Charges withdrawn against Grassy Narrows supporters who dumped cornstarch at Queen’s Park
CBC News, December 20, 2016
Charges were withdrawn earlier this month against six people who launched a dramatic demonstration in support of Grassy Narrows First Nation at Queen’s Park in June.
The group wore protective suits and dumped a barrel of grey sludge, labelled mercury kills, in front of the Ontario legislature. The substance turned out to be cornstarch.
Each of the demonstrators was charged with mischief over $5,000 and wearing a disguise with the intent to commit an indictable offence. Each of the charges carries a maximum penalty of 10 years in prison. The charges were dropped on December 7.
“We took a small risk, but we really think it doesn’t compare to the health risks that people in Grassy Narrows face everyday because of the mercury contamination,” said Shelagh Pizey-Allen, one of the demonstrators.
“The real crime is that the province has never been held accountable for cleaning up the mercury affecting Grassy Narrows,” she said.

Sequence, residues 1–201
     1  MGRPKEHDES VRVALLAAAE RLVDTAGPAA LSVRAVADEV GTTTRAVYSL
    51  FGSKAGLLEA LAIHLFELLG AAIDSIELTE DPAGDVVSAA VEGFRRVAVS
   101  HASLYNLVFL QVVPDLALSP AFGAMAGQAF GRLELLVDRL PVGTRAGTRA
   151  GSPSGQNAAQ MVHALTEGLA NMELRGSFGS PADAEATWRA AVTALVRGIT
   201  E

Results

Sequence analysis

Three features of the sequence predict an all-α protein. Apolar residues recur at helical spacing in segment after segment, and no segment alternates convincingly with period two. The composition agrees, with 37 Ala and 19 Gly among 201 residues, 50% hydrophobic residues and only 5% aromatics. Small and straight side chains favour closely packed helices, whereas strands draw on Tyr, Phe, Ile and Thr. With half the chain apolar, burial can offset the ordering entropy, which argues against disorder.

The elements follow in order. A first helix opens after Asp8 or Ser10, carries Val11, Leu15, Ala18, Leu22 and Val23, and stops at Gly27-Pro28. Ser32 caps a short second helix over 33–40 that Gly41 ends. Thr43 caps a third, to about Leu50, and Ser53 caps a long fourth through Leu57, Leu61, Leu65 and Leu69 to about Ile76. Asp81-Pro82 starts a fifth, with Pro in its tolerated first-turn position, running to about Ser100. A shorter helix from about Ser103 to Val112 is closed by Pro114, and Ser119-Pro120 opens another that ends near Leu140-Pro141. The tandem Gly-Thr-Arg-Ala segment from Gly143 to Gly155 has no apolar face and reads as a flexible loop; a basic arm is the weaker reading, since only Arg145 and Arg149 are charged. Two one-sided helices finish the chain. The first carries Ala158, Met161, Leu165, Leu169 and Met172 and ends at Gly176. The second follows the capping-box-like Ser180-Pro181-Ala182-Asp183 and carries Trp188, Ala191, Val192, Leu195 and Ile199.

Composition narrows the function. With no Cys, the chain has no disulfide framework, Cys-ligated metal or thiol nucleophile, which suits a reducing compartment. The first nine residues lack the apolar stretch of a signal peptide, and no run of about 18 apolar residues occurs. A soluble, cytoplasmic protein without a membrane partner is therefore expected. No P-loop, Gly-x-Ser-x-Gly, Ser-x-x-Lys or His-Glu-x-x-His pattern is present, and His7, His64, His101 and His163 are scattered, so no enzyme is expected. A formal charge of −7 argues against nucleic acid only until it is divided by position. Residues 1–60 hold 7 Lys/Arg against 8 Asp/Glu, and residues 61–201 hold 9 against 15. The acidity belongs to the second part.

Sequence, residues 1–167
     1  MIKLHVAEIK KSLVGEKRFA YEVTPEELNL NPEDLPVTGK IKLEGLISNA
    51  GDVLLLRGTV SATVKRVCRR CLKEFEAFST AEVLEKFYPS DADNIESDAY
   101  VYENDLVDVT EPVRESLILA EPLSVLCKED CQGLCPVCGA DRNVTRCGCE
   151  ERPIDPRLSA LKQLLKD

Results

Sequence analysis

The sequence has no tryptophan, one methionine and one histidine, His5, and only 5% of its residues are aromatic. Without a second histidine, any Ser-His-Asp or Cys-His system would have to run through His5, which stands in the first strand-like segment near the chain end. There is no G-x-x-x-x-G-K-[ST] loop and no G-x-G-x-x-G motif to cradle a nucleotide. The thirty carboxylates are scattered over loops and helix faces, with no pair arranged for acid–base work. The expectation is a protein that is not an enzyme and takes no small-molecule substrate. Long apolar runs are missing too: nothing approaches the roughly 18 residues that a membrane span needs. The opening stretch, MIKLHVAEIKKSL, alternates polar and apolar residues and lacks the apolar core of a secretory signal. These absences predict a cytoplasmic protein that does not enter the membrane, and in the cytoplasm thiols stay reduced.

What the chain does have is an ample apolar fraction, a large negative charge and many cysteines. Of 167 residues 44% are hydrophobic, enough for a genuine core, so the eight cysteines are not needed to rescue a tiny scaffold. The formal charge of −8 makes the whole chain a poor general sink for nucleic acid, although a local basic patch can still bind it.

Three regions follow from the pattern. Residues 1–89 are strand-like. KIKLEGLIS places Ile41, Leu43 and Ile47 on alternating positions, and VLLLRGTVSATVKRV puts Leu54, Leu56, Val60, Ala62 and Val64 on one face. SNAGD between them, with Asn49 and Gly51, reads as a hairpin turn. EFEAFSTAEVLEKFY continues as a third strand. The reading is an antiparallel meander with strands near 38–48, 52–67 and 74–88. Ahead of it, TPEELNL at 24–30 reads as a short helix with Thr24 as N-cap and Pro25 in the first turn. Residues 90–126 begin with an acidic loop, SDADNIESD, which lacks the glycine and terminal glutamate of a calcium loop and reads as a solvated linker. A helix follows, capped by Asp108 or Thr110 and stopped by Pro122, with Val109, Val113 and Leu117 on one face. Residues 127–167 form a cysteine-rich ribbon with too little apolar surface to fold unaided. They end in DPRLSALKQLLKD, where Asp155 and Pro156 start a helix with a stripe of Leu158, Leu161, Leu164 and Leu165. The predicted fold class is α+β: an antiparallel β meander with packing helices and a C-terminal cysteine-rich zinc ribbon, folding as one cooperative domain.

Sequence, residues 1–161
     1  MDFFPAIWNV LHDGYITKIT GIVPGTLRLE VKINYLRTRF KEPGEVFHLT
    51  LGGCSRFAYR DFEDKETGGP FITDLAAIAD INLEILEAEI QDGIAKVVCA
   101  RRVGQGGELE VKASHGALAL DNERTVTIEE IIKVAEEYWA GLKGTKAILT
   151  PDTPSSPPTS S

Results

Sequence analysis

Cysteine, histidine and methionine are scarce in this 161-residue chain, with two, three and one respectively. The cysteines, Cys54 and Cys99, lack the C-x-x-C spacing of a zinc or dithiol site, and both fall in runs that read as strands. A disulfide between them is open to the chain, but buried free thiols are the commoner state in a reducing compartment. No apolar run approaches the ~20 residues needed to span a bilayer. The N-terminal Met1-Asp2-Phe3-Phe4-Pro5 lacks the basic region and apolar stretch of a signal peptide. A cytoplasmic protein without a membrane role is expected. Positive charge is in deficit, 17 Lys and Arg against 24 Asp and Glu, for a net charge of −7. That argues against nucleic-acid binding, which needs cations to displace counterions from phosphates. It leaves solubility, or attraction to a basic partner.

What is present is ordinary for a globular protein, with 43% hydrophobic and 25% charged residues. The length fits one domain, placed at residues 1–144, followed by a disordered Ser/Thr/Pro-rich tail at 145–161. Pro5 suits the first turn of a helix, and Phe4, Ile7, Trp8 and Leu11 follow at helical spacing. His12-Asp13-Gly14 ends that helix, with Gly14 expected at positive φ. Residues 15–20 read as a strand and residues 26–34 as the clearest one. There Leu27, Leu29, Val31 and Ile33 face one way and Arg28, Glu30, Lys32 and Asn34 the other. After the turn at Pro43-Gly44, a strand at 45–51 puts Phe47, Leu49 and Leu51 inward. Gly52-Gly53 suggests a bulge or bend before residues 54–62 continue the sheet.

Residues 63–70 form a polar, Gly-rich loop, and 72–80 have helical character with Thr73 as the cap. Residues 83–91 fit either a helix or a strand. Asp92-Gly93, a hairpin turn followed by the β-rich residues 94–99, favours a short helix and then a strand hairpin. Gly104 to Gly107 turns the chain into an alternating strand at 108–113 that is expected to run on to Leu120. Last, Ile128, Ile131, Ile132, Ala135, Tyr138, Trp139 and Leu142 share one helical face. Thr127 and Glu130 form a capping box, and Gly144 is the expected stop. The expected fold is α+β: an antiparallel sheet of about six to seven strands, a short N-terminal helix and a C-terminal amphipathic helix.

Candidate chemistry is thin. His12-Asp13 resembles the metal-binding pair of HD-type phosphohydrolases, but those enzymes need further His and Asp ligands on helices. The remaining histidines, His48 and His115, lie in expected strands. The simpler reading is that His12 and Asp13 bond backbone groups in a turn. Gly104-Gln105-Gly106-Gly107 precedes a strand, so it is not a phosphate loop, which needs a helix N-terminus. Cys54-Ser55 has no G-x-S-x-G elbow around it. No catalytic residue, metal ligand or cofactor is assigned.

The waterways where people from Grassy Narrows First Nation catch fish to eat were contaminated with mercury in the 1960s and 70s by a chemical plant at a paper mill upstream in Dryden, Ont. In a report released in May, environmental scientists determined that there is an unknown source of continuing contamination.
“Within 10 minutes of spilling cornstarch a hazmat team showed up to cordon it off and clean it up,” Pizey-Allen said. “In contrast, the river in Grassy Narrows has been contaminated for more than 50 years and there’s been no movement to clean it up.”
Last month, Ontario’s Environment Minister promised to clean up the mercury, but Premier Kathleen Wynne would not reiterate that commitment.